When planning what to bring on a bike tour, gear is not the least of your concerns. Luggage may not be as exciting as your choice of route or companions. However, preparing thoughtfully for your trip can make the difference between comfort and a grueling slog, or between a minor hiccup or a total breakdown. With our combined touring experience here at the shop, we’ve learned what works for us. It can be incredibly valuable to make a checklist in order to help prepare for your tour. Ultimately what you decide to bring will depend on the style and length of your trip, as well as your personal traveling preferences.
What to Bring on a Bike Tour
The first decision to make is how much you are willing to “rough it”. If you will be biking from hotel to hotel and eating in restaurants, a credit card will be your most important piece of equipment. If you’re riding farther afield and camping, you’ll need carry everything you’ll need. Keep things you’ll need during your ride in smaller bags or in jersey pockets. Otherwise you’ll be digging through your panniers looking for your squished banana.
- Water bottles: 2-3 can be mounted on your bike. Crushable bottles like Platypus are good for extra water storage if you’ll be riding long stretches between water sources.
- Money and Identification (I like to keep it in a small plastic bag in my jersey pocket)
- Phone, charger, and any foreign sim cards or solar panels you may need to make it work
- Basic first aid kit
- Toiletries (still important to brush teeth on a bike tour!)
- Any other comfort items (like chamois butter)
And last but certainly not least…
- Food! Even if you’ll mostly be eating out, you’ll want riding snacks to keep your energy up. Maybe even something to put in your water. See this post for suggestions on eating well during a tour.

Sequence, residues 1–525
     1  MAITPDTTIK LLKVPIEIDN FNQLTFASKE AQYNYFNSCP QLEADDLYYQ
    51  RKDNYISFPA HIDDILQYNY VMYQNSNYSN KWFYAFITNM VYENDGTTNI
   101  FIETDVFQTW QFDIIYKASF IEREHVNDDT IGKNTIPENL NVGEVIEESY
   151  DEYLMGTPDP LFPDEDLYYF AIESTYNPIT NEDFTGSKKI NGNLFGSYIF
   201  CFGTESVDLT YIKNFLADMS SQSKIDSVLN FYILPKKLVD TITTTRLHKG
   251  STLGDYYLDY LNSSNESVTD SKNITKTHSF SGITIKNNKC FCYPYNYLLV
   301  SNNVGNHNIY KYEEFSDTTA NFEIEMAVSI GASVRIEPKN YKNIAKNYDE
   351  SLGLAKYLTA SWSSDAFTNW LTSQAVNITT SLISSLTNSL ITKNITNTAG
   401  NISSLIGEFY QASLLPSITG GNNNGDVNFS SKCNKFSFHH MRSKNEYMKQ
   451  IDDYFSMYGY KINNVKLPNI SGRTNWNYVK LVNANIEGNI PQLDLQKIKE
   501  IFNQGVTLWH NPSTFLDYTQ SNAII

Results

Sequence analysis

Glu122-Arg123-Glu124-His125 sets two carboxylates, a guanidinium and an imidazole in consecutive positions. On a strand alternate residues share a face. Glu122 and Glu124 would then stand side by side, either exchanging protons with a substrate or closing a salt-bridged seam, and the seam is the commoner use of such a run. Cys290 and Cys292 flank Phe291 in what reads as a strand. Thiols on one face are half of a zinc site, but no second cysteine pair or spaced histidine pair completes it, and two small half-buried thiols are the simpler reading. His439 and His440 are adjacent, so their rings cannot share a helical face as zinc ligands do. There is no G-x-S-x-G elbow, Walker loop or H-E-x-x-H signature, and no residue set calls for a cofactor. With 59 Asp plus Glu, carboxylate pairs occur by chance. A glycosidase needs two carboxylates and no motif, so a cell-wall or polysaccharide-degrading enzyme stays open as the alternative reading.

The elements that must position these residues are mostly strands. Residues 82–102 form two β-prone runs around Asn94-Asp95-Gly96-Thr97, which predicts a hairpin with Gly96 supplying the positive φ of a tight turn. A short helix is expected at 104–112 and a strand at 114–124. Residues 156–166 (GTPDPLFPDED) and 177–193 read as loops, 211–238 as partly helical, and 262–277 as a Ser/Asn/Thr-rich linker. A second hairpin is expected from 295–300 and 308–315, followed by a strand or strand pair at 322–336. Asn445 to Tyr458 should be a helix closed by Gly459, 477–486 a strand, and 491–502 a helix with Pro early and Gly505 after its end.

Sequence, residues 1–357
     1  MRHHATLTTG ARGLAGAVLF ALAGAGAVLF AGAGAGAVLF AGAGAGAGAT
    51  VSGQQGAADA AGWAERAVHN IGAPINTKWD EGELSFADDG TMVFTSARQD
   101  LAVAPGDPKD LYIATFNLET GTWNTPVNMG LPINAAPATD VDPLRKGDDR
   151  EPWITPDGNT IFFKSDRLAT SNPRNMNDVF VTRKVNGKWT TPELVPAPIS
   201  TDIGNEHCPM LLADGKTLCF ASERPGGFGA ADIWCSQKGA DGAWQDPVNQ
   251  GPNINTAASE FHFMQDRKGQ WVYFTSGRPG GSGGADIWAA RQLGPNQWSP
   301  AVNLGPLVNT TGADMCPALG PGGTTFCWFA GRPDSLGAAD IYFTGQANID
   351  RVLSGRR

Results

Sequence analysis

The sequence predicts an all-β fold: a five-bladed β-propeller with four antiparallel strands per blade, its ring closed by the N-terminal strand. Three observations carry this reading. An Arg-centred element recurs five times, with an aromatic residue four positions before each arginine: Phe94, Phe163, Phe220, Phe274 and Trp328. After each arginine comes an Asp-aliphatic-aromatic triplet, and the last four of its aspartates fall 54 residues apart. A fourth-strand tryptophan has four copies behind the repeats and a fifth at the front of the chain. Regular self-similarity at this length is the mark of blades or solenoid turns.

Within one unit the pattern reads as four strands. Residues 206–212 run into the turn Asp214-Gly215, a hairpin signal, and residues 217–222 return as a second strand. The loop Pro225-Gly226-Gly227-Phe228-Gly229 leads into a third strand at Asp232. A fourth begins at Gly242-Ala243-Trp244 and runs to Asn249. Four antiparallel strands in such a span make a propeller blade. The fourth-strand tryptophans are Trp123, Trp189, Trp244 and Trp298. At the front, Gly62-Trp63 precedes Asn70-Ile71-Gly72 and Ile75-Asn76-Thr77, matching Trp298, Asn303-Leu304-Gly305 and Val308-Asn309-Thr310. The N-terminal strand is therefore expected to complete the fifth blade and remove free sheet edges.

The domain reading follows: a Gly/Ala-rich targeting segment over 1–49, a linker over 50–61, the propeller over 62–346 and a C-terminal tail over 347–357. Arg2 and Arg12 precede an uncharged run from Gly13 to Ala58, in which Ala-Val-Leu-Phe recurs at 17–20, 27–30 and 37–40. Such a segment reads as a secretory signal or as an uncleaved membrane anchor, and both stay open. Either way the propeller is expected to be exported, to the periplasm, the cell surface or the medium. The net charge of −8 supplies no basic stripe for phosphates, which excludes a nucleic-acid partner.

Unless you are doing a supported ride with a follow car to pick you up, you’ll need to be self-reliant. At the minimum, you will need to be able to fix flat tires and tighten/loosen all bolts on your bike. If riding with others, you will probably only need one set of tools between you, with the exception of tubes.
- Spare tubes: 2 or more(make sure they are the correct size for your tires, especially if you have different tire sizes)
- Tire Levers: 2 or 3
- Patch kit
- Mini pump (we reccomend Topeak Morph pumps)
- Set of hex keys, in a multi-tool or separate (check every bolt on your bike to make sure you have a tool that fits it)
- Lock (U locks are the most secure, but heavy. If you’ll mostly be stopping in rural areas or are riding in a group, a cable lock will probably suffice.)
For longer or more remote riding, consider bringing extra tools. Hopefully you won’t need them often, or at all, but the little extra weight can pay off when stranded in the middle of nowhere.
- Extra spokes: at least one per wheel (each wheel side requires a different spoke length, so make sure you have the correct lengths!
- Spoke wrench (also wheel-specific)
- Chain breaker (included in some multi-tools)
- Spare tire (foldable tires are much easier to carry)
- Duct tape (I like to wrap it around my water bottle so I don’t need to bring the whole roll, but you could use your seatpost or anything else)
- Small bottle of bike lubricant
- Lights, especially if you’re not riding during summer
- More general tools like pliers, knife, screwdrivers, etc. – a lightweight multi-tool is a great way to get most of these functions in one small package.
- Cable Ties – For some of our staff, cable ties are the new Duct tape, and very useful in a pinch!
Is this all I should bring on my bike tour? No… But, these are just the most bike-specific things you’ll need to pack. You’ll find our checklist for other supplies including camping gear, clothing, and more in our soon to come post Touring Checklist: What to Bring on a Bike Tour Pt. 2.